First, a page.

In her new collection, Toward, poet Moira Linehan makes us believe that landscape is destiny. As the book unfolds, we come to inhabit the land- and sea-scapes of the wild southwest of Ireland, the islands of America's Pacific Northwest, the poet's home in Massachusetts; and then round again, back to the land north of Dublin.
The poet's eye and imagination capture lyrical, sonic, imagistic details of these places. So, too, their embedded history: the Famine, the days of the whaling industry, the speaker's paternal genealogy, are all woven in.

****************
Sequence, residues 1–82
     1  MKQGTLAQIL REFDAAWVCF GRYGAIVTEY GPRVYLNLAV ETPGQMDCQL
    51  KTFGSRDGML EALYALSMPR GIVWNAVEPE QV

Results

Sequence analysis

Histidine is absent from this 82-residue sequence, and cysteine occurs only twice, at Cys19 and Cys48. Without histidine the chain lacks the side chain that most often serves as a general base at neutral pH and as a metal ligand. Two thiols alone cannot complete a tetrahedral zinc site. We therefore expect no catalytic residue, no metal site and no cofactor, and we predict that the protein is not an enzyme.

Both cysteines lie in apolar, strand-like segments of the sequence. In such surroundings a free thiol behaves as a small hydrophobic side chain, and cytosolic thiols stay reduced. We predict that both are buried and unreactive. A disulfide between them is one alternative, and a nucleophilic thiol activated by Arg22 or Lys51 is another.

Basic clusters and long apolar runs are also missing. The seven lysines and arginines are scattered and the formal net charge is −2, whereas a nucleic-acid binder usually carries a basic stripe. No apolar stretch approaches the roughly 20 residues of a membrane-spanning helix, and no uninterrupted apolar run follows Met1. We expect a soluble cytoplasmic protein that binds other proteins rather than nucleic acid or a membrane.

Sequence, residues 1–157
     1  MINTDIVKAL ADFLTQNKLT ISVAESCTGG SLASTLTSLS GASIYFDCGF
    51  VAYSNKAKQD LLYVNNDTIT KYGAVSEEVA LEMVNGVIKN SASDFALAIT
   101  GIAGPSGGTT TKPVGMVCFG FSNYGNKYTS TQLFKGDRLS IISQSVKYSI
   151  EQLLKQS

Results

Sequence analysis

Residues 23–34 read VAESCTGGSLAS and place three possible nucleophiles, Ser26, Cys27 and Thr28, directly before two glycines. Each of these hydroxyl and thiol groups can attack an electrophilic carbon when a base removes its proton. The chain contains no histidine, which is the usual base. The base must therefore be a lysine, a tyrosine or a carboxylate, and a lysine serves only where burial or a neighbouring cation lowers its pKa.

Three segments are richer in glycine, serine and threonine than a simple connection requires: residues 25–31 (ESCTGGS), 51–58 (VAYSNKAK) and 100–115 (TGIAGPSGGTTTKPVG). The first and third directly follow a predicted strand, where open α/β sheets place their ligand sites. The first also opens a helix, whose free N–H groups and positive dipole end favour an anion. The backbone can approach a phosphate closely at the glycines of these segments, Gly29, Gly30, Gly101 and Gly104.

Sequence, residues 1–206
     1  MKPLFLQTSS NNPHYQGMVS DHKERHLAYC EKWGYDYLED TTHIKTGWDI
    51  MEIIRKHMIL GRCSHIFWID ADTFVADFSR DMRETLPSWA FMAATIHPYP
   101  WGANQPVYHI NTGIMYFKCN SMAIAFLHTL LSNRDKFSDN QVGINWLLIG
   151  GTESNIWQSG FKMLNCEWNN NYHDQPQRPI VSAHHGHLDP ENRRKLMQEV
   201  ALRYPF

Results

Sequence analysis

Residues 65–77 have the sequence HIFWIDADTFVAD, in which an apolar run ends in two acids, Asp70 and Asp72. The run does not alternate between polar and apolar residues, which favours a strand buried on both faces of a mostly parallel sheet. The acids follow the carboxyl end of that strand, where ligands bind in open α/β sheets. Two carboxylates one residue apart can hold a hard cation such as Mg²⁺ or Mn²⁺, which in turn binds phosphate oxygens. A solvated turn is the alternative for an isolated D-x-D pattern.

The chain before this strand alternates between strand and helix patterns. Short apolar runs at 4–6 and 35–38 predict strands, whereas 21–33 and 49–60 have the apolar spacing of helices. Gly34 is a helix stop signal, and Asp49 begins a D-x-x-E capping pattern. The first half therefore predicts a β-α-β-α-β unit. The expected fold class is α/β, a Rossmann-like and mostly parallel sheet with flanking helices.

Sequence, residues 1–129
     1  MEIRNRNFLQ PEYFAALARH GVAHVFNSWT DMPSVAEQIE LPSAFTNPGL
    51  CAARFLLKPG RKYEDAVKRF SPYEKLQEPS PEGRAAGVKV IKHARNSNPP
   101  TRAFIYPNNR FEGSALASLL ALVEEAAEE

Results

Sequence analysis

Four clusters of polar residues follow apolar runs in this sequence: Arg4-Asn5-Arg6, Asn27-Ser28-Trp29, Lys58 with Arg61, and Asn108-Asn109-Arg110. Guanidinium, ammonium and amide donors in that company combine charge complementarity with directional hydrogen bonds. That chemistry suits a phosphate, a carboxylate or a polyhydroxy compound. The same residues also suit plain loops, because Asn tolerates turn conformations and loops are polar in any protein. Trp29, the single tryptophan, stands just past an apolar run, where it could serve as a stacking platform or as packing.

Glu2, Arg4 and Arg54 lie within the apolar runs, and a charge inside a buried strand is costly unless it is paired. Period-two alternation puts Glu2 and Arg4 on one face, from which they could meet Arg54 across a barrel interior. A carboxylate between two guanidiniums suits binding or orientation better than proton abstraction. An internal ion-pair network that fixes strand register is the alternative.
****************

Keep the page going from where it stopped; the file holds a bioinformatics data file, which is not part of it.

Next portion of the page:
But beyond those stories and images, the heart of this collection is the poet's missing lover--a presence haunting both landscape and memory. By means of crafting language and pushing its possibilities, the speaker searches for the most elemental in whatever place--physical or emotional--she finds herself.
As the literature of travel and especially pilgrimage shows, being on the move can become a journey to one's own interior. Here are poems of such witness, poems of reflection on how others on perpetual journeys have stayed the course. Here are poems about how this poet has come to places, as she says in her poem "In This Habitable Desert," she could not even imagine.
Toward brings the reader along with her to these places.